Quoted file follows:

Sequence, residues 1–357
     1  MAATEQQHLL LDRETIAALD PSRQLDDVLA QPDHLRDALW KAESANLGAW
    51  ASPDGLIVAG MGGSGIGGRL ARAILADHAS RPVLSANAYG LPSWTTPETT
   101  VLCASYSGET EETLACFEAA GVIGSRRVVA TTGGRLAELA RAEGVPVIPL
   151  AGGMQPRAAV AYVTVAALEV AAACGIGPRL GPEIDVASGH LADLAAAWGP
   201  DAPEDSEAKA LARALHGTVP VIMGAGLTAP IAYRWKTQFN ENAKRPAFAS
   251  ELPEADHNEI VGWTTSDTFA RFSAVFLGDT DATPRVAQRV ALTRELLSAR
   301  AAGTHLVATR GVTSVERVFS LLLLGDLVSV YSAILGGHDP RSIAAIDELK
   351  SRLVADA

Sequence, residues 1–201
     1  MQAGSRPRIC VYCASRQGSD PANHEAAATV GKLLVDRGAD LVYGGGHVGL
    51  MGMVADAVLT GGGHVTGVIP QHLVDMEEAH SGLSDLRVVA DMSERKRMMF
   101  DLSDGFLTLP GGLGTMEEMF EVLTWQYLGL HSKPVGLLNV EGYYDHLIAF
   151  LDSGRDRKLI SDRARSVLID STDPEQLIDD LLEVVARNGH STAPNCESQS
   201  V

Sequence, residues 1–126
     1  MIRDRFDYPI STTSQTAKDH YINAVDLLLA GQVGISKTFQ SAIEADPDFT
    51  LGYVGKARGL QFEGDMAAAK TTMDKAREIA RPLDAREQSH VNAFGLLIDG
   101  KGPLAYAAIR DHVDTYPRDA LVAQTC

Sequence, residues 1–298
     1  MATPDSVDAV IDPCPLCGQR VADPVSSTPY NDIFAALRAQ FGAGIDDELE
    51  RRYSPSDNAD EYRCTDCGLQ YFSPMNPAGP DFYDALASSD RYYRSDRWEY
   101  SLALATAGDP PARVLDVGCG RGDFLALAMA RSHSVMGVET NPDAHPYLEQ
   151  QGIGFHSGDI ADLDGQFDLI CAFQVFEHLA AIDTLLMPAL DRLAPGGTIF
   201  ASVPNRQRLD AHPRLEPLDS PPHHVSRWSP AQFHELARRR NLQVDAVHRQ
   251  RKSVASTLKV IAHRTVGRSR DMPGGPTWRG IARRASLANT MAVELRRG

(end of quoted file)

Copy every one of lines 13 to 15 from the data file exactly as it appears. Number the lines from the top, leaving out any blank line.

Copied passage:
   101  DLSDGFLTLP GGLGTMEEMF EVLTWQYLGL HSKPVGLLNV EGYYDHLIAF
   151  LDSGRDRKLI SDRARSVLID STDPEQLIDD LLEVVARNGH STAPNCESQS
   201  V